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One X-Factor For Each American League MLB Playoff Team

MLB playoffs are about to begin.

The MLB season is winding down, and the six playoff spots in the American League are all but narrowed down to seven teams. It’s easy to hear the word “x-factor” in sports and immediately scoff at it. Yes, the term is overused and undefined. So let’s define it.

An x-factor can’t be one of the team’s best players. They also shouldn’t be someone who has greatly exceeded expectations. Additionally, I’ll be limiting myself to naming one player per team, not a whole bullpen or position group. In a sense, who is the one player on each American League team that could be the difference between a pennant and an early exit from MLB playoffs? Now that that’s out of the way, let’s get to the list.

Baltimore Orioles: Dean Kremer

We know the Orioles’ offense and bullpen will be good in the playoffs. It’s easy to believe in Kyle Bradish and Grayson Rodriguez, despite their youth. But beyond that, the rest of their starting rotation is a question mark at best. The Orioles will likely avoid the Wild Card round by winning the American League East, which means they’ll play a minimum of three playoff games this year.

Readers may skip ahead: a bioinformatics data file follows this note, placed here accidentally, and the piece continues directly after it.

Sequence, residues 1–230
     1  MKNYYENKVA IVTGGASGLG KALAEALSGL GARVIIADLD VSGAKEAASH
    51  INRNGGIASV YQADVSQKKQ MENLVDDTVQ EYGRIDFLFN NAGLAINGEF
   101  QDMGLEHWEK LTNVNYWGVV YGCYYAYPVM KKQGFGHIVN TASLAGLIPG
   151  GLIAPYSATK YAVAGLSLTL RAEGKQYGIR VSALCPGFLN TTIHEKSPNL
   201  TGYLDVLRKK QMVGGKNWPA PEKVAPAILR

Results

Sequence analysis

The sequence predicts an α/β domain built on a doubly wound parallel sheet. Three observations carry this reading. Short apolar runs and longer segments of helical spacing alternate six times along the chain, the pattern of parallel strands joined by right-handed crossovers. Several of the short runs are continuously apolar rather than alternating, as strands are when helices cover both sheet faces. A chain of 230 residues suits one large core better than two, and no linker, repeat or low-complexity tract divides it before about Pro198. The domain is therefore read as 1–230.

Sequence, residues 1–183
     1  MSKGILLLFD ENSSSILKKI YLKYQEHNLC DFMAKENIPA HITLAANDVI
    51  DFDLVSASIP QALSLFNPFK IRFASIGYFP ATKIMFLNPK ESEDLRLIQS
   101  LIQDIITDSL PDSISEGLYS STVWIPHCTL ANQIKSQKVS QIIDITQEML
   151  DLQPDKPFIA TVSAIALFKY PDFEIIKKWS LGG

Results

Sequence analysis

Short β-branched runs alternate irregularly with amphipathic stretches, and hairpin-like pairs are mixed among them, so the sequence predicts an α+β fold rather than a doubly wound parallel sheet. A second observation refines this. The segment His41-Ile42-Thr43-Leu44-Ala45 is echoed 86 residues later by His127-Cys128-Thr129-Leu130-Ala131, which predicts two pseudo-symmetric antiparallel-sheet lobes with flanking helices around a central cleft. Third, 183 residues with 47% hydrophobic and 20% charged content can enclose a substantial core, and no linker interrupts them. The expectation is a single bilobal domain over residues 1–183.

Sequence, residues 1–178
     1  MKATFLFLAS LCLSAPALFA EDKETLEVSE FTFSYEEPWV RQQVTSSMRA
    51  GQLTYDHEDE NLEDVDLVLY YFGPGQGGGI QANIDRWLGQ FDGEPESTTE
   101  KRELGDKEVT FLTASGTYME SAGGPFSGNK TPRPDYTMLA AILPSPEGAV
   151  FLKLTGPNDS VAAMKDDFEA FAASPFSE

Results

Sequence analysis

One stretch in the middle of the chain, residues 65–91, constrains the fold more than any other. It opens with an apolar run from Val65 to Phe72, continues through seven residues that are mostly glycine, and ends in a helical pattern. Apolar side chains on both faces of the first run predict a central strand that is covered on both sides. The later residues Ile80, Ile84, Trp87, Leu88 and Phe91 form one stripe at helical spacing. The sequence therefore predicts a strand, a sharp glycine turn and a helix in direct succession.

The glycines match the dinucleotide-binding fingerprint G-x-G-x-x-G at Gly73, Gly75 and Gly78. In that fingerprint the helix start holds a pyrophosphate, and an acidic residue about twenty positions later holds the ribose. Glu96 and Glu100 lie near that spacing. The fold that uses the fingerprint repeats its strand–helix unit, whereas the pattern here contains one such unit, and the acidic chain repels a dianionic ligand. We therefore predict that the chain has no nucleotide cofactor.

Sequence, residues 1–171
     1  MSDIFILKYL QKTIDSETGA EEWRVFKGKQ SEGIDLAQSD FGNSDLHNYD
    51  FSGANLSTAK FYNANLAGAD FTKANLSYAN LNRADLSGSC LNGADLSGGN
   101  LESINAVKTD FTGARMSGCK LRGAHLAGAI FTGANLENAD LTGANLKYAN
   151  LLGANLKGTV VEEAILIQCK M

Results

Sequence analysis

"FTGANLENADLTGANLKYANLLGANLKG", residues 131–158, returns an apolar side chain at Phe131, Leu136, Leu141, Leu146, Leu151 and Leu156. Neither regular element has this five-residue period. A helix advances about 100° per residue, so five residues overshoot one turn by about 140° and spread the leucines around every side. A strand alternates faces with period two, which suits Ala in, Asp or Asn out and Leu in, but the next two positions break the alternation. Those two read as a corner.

Assuming that Bradish gets the ball in Game 1 and Rodriguez gets Game 2, Brandon Hyde will have to choose between Kremer and John Means for Game 3. Given Means has been out for over a year, Kremer may be the option. Even if Hyde picks Means, he’ll need a fourth guy if the Orioles have any hopes of knocking off the Astros to win the ALCS.

In his last 13 starts, Kremer is 4-1 with a 3.08 ERA and 4.12 FIP in 73 IP. He’s thrown at least six innings in seven of those starts, while giving up two earned runs or fewer in nine of them. Kremer has one of the best fastballs in baseball despite middling velocity (93.8 MPH). He’s a far cry from an analytics darling, but Kremer limits walks and pitches deep into games. The Orioles shouldn’t be expecting dominant starts from Kremer, but if he can keep them in games with five innings of two or three run ball, they have a real shot at winning the American League.

Tampa Bay Rays: Manuel Margot

The Rays feel like a team of x-factors. We know the pitching will be spectacular, led by a bullpen that seems to defy all the volatility that usually plagues bullpens. The Rays biggest question marks are on offense, where they’ve had to overcome absences from Wander Franco and Jose Siri.

Even without them, the Rays have a plethora of players with above-average offensive numbers. Since Siri went down with an injury, Manuel Margot has seen more regular playing time. It’s a given that Margot will be good defensively – he’s put up 61 OAA in his career. But the glimpses he showed offensively in 2022 haven’t carried over to 2023.

Last season, Margot slashed .274/.325/.375 and added 2.3 BsR (base runs) on offense. This season, however, he has just a .646 OPS, 81 wRC+, and -1.8 BsR, culminating in a -8.5 offensive value thus far. He was activated from the injured list this week after missing just over a month, and whether or not he can find it with the bat will define the Rays’ playoff run. If he can deepen the lineup by getting on base for the big hitters atop the lineup in Diaz and Arozarena, that changes the complexion of this offense heading into the MLB playoffs.